Vice President Pence this week praised a controversial rule proposed by the Trump administration earlier this month that would allow adoption groups to deny service to LGBTQ parents due to faith-based objections.
While speaking about the proposed rule at the Department of Health and Human Services (HHS) in Washington on Tuesday, Pence said the Trump administration “reversed the rule implemented in the closing days of the last administration that jeopardized the ability of faith-based providers to serve those in need by penalizing them for their deeply held religious beliefs.”
“And I couldn’t be more proud that, at President Trump’s direction, and with the strong support of leaders across foster care, adoption, and our faith communities, we’ve taken decisive action,” he continued.
“We will stand for the freedom of religion and we will stand with faith-based organizations to support adoption,” Pence said, adding that the “new rule that respects the freedom of religion of every American, but also recognizes the vital role that faith-based organizations play in adoption in this country.”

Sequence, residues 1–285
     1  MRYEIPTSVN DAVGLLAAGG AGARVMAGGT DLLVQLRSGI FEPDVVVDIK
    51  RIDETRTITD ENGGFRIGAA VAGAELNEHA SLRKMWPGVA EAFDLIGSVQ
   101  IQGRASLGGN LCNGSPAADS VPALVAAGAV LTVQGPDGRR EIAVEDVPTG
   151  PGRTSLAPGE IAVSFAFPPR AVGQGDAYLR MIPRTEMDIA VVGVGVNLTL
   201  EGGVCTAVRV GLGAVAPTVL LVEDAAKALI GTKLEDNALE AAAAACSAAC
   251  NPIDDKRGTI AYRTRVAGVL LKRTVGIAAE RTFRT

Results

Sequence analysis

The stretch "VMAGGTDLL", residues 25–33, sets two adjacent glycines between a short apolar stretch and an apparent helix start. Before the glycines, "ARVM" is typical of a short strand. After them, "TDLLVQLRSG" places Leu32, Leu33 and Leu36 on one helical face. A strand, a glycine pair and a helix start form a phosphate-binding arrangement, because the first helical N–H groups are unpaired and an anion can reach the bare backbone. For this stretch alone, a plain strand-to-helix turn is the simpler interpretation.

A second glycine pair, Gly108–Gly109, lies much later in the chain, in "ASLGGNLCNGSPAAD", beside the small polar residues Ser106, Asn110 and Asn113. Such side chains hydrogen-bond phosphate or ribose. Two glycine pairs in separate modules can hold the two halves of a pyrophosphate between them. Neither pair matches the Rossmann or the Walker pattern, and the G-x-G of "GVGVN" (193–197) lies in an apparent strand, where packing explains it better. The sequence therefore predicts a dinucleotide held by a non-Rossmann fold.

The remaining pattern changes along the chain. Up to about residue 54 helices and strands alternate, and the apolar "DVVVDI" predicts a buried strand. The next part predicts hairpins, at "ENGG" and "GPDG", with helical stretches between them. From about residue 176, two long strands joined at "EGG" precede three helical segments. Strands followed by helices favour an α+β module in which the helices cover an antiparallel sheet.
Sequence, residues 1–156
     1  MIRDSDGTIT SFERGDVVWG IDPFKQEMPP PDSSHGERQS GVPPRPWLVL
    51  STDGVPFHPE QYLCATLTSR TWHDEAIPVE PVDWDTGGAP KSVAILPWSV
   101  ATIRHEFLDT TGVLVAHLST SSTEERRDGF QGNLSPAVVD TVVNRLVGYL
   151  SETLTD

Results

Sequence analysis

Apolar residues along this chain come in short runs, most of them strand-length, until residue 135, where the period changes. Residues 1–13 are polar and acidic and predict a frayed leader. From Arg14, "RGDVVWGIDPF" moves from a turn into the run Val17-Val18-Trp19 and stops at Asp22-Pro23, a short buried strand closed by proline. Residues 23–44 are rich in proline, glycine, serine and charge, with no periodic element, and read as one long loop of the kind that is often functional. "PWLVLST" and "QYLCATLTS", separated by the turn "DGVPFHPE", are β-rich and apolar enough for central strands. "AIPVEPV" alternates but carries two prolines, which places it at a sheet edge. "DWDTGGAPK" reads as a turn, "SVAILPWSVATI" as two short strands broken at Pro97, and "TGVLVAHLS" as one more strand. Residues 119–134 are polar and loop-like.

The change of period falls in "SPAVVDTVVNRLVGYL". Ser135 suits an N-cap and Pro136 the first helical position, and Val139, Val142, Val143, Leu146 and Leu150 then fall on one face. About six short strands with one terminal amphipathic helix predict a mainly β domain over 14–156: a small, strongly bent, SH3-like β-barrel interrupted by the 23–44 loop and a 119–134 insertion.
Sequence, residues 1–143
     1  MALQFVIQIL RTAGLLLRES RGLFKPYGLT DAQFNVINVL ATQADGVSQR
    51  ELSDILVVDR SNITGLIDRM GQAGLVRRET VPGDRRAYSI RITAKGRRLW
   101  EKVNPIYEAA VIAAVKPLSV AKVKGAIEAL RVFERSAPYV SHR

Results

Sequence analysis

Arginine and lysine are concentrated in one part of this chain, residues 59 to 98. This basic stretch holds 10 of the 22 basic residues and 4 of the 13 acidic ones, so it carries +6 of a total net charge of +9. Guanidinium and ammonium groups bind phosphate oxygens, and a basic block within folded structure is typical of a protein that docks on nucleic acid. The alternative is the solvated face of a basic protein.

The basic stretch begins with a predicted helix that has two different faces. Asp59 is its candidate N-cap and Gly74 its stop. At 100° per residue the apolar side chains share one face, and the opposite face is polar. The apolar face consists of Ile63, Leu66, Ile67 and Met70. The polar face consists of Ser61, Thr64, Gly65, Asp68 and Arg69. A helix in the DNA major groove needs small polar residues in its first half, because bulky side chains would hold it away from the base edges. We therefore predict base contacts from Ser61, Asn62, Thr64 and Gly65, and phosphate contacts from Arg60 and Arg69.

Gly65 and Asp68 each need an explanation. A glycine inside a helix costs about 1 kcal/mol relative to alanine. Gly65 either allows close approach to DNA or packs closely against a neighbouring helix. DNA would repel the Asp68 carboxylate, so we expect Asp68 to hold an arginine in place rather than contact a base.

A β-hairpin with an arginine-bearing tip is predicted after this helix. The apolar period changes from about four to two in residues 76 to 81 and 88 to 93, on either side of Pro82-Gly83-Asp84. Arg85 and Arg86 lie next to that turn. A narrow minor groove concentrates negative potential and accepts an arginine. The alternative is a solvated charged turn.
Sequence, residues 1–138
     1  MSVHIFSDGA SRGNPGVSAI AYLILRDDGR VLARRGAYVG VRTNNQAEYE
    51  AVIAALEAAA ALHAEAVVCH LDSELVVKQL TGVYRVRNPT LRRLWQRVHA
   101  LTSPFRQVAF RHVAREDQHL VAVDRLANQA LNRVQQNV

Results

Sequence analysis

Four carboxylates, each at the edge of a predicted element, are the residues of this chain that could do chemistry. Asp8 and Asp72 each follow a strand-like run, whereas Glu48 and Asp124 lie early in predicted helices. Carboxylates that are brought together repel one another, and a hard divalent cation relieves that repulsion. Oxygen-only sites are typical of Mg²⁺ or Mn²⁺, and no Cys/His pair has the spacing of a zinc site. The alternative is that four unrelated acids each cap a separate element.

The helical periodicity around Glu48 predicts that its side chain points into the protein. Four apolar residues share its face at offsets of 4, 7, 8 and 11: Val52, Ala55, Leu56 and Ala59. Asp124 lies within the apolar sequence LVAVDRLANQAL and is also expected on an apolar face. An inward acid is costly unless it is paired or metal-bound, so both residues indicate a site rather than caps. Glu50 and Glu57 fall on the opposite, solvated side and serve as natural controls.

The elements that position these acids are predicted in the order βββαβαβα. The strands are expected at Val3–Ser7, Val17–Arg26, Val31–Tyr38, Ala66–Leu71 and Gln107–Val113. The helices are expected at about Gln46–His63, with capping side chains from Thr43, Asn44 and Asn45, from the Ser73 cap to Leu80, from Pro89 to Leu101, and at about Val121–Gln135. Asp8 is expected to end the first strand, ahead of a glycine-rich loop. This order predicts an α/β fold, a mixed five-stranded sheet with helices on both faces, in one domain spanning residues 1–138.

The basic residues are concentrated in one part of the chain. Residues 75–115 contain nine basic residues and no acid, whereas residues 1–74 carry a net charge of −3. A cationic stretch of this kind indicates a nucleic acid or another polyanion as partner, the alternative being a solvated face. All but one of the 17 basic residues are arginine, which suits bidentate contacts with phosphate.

The proposal announced by HHS earlier this month would allow adoption groups and foster care to continue to receive federal funding if they choose to deny services to LGBTQ parents on the grounds of faith-based objections.
The proposal would roll back a rule implemented under the Obama administration that expanded anti-discrimination protections to include sexual orientation.
The move has been met with praise from a number of religious groups — and strong opposition from LGBTQ advocates and groups who said it is discriminatory.
In pushing back against criticism over the proposal earlier this month, White House deputy press secretary Judd Deere told The Hill that “LGBT people can still adopt and that will not change.”
“The Administration is rolling back an Obama-era rule that was proposed in the 12 o’clock hour of the last administration that jeopardizes the ability of faith-based providers to continue serving their communities,” Deere said.
“The Federal government should not be in the business of forcing child welfare providers to choose between helping children and their faith,” he added.